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Turning to God freed me from burden of sin, says Raymond Johnston who killed brother

By Staff Reporter

Published 07/10/2016

Raymond Johnston stabbed his brother to death in 2012
Raymond Johnston stabbed his brother to death in 2012

A Co Fermanagh man who stabbed his brother to death says he is now "at peace" after finding God.

Father-of-two Raymond Johnston was charged with manslaughter and jailed for two and a half years following the fatal incident close to Killesher Chapel on the outskirts of Florencecourt, a small village about eight miles west of Enniskillen.

David Johnston (32) died as a result of stab wounds in the early hours of July 13 2012.

Now free from prison, Mr Johnston says he is on a journey, determined not to be defined by that "life changing" night.

"The impact that 2012 had has been life-changing, totally life-changing," he said.

"I am a far cry from the man I was before but the Lord is still changing me, still making me, still moulding me.

"I am far from the man that I need to be, that God wants me to be. But I am on that journey.

"I find that I am at peace, I am at peace with what happened, with my life, and what happened in the past.

"I have turned a corner in my life, in what has probably been the hardest time of my life," he said, in an interview with his local newspaper, The Impartial Reporter.

"Turning to God," said the 37-year-old, "has allowed me to be free from that burden of sin, from the burden of what happened.

"That condemnation has been lifted off me, I feel free.

"I can live my life without fear now of that condemnation from society, from the outside world, from within. It has allowed me to live a life for God, not for self anymore."

It was during a journey from Enniskillen to Laganside Courthouse in Belfast, where he was attending a remand hearing, when Mr Johnston found his faith.

Driving back to Enniskillen he asked God to forgive him, around six months later he was sentenced for manslaughter.

"I brought with me my Bible, sermons, recordings of testimonies and the whole journey up the road I listened to those testimonies of how God had changed the lives of so many people, people who had similar lifestyles to myself," he added.

"I came to Christ listening to the recordings, thinking how I had made such a mess of my life up to this point, how I was in such a need for God.

"I was at a stage where I could see no way out. It was trying to live with what I had done."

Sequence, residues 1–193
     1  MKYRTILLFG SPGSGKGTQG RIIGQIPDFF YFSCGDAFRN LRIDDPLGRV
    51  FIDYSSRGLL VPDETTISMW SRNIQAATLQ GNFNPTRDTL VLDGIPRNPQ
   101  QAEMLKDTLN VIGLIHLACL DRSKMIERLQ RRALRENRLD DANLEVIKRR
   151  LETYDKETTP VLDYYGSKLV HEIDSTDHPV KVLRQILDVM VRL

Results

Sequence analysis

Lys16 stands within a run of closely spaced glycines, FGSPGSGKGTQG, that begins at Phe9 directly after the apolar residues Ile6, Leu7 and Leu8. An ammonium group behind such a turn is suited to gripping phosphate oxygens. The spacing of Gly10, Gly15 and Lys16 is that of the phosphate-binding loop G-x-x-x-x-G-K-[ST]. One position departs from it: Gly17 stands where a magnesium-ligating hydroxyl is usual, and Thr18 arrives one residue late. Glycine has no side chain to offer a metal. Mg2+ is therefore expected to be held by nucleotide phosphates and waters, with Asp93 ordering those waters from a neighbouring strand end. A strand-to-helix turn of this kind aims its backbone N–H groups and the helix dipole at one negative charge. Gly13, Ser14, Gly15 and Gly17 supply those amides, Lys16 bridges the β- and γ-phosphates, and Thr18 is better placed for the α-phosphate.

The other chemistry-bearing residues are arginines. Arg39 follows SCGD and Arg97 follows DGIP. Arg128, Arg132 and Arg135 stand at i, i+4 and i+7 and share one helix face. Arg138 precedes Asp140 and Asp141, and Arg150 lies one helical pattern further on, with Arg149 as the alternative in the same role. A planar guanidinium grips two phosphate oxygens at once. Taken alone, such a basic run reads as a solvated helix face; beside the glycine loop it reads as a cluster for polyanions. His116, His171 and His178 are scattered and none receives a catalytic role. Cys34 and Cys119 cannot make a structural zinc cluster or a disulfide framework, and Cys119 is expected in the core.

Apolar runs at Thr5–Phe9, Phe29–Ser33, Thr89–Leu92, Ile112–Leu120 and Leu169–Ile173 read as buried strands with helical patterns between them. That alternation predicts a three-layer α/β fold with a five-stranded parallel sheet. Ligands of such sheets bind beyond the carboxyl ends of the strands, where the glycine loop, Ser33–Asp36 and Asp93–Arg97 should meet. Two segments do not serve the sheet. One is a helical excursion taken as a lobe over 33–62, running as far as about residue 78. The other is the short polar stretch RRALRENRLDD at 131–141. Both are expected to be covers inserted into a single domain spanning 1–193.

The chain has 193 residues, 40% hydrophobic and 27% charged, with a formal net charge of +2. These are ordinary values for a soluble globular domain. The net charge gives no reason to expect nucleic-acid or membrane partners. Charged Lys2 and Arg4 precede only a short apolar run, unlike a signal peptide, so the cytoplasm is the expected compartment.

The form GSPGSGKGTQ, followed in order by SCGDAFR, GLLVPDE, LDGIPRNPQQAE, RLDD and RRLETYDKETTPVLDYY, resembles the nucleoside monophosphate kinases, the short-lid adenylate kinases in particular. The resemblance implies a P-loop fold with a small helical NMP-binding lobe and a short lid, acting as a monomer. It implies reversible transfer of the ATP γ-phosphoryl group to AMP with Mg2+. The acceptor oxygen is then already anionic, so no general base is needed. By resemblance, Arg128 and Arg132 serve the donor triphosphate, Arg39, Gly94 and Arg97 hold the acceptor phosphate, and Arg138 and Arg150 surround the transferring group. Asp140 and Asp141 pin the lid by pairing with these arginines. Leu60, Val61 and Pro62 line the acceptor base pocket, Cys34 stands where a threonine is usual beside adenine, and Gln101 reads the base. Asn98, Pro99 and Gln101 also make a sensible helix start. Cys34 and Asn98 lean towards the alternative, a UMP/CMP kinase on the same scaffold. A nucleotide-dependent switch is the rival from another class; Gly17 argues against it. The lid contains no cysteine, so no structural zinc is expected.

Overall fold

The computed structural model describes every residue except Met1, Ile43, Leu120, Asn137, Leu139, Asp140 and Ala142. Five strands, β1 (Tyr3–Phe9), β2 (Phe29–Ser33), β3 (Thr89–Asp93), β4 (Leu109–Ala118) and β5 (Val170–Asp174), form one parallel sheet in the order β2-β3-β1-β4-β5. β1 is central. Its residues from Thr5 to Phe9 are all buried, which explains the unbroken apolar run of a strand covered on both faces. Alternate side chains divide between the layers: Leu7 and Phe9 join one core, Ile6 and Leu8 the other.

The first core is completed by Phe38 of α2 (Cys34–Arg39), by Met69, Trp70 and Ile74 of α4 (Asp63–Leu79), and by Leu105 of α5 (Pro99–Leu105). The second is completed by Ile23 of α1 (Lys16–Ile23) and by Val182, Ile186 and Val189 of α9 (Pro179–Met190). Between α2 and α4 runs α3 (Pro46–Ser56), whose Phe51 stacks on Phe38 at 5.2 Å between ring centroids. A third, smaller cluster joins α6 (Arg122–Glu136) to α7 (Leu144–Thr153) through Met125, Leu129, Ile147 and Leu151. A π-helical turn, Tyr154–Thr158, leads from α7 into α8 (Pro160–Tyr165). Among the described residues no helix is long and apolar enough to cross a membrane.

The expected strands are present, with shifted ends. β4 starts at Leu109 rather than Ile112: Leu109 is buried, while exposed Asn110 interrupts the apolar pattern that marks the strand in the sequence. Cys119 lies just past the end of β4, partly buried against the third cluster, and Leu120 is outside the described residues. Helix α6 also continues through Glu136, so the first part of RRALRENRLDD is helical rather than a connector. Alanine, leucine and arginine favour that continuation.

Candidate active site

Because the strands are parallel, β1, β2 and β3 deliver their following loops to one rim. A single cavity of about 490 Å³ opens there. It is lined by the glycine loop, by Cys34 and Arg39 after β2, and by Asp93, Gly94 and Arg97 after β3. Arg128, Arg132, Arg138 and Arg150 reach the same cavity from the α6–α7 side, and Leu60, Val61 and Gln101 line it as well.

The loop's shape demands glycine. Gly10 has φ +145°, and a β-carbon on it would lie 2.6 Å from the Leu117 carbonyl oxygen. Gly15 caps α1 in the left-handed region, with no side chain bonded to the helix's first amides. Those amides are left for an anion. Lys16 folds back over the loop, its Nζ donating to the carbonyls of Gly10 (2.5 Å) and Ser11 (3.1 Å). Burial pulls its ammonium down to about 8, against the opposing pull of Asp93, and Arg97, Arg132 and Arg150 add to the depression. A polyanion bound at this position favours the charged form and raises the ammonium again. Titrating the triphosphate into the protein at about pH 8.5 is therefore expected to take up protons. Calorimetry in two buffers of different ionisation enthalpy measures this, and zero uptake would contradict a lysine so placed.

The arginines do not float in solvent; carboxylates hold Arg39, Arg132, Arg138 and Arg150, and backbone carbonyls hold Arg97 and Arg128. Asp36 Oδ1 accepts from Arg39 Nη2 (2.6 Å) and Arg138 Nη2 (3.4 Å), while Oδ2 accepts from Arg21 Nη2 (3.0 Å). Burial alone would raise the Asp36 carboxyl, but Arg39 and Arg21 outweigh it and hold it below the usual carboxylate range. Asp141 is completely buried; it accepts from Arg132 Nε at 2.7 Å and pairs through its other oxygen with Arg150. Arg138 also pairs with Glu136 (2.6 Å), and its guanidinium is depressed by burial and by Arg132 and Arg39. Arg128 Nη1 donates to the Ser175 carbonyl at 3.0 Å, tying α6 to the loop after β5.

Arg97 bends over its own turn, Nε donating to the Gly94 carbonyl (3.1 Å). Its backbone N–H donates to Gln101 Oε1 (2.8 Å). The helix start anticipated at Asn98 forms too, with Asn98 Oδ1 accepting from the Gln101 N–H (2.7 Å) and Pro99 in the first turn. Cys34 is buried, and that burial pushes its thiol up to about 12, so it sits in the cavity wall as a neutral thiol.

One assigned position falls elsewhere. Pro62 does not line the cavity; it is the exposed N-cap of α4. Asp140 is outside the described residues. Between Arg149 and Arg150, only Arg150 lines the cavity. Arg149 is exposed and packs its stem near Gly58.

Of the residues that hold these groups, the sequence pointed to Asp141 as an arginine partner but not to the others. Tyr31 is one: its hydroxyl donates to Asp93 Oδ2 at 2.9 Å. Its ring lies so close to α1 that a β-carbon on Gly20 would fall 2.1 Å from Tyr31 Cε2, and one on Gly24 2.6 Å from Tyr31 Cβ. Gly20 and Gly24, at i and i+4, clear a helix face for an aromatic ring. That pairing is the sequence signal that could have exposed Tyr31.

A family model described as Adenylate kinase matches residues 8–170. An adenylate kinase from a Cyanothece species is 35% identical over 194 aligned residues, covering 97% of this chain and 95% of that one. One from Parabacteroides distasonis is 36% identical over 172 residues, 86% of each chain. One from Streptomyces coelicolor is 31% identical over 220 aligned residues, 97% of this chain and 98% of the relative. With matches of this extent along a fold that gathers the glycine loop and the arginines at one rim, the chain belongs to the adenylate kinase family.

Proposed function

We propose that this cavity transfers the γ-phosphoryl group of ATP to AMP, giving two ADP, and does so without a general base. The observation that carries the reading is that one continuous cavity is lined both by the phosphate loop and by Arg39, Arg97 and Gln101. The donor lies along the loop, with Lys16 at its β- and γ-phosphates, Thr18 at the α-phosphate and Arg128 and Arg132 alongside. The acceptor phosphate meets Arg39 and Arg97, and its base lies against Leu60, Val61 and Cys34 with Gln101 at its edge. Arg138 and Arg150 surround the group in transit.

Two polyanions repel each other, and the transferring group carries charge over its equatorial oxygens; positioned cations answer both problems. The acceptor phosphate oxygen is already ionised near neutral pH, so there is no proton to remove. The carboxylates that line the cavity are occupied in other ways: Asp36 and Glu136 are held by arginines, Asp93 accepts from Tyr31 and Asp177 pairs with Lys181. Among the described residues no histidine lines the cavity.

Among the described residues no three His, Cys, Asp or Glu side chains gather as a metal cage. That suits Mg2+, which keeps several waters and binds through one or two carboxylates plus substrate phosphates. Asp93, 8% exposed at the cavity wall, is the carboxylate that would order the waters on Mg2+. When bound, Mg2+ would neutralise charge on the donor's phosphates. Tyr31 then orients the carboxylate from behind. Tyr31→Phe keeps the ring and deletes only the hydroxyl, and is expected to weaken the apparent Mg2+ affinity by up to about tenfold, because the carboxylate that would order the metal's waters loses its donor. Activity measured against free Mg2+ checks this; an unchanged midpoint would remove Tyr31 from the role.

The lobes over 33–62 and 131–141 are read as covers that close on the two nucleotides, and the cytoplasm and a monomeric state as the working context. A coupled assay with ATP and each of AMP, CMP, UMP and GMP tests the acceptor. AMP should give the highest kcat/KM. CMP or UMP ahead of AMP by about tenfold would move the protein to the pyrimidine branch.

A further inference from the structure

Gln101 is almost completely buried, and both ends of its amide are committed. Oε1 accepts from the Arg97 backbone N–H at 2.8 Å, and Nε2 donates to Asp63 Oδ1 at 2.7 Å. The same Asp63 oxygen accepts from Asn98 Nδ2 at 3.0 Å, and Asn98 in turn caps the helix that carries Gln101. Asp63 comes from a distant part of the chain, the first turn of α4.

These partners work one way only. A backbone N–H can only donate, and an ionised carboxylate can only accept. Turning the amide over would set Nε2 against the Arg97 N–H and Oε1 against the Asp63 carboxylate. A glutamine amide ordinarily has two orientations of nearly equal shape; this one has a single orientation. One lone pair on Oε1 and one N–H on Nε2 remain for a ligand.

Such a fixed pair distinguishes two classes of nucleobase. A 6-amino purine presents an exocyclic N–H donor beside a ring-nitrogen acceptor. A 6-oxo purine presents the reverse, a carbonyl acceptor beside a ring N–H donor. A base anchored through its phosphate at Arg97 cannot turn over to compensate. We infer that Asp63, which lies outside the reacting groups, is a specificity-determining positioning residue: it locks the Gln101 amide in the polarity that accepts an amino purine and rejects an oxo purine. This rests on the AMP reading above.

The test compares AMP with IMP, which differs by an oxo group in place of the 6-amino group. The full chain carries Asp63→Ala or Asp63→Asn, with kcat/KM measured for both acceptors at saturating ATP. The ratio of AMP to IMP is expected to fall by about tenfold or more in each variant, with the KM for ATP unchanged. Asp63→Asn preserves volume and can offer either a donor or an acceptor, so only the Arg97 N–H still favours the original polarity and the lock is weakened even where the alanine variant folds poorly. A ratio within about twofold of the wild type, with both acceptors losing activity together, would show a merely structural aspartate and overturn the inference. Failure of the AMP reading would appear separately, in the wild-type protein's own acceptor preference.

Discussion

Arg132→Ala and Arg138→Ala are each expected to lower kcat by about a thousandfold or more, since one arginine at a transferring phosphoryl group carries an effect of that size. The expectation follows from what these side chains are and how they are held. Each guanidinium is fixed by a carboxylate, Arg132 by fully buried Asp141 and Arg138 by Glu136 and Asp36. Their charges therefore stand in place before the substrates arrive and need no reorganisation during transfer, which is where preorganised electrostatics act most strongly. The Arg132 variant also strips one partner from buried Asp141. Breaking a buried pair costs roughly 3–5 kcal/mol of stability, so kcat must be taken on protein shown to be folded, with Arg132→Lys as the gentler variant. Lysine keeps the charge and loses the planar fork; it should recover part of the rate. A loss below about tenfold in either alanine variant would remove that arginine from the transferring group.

Once an avid drug user, Mr Johnston regularly smoked cannabis and drank copious amounts of alcohol and "didn't realise it was full of sin.

"Before what happened (to his brother) I was taking a lot of drugs, drinking a lot of alcohol. I was smoking cannabis daily and drinking as often as possible," he added.

"I had a good job, I had all the things society told me I needed: my own house, all the money I needed, fancy clothes, holidays, but I was never happy.

"I found myself drawn to the party lifestyle, the drink, the drugs, the chase. I was just living life for the chase. I have no desire to return to that, I have seen the years I have wasted."

He admits to experiencing "very deep lows" but believes he is now "coming out of that tunnel."

"I see the light, there is hope for my future, for my family's future, hope that I have never had before," Raymond added.

"I live my life for God, for my community, to show love to that community and give back the love that has been shown to me and my family."

And it is his family who he says have helped him "to accept what happened and move on."

"I love my family and to know they love me is really reassuring," he added.

This Sunday Mr Johnston will share his story at Elim Pentecostal Church in Enniskillen at 7pm where he hopes to tell people about "the dangers" of life.

"I had never set out or planned for anything of that to happen, what did happen in 2012," he added.

"I want to tell people that alcohol and drugs can be dangerous to life, how you can get in and addicted very quickly.

"I want to tell people about God."

Pastor Nigel Elliott said he has had "the privilege" of "walking part of this journey with Raymond and his family."

"I can see the change, it's very evident in many ways," Mr Elliott said.

"It's not about a man but the change that God can make in a man.

"He's not the perfect man, but he's not the man I first met in 2012.

"I believe in this community there are more people like Raymond Johnston who may not have been where he has been but nevertheless their life is empty and lacks purpose.

"I want to offer those people a reassurance, a hope for the future.

"If you come along on Sunday you will hear for yourself a man who walked a journey that was desperate, low, right through his whole life.

"I hope the community will grasp not just a story but the message behind that story."

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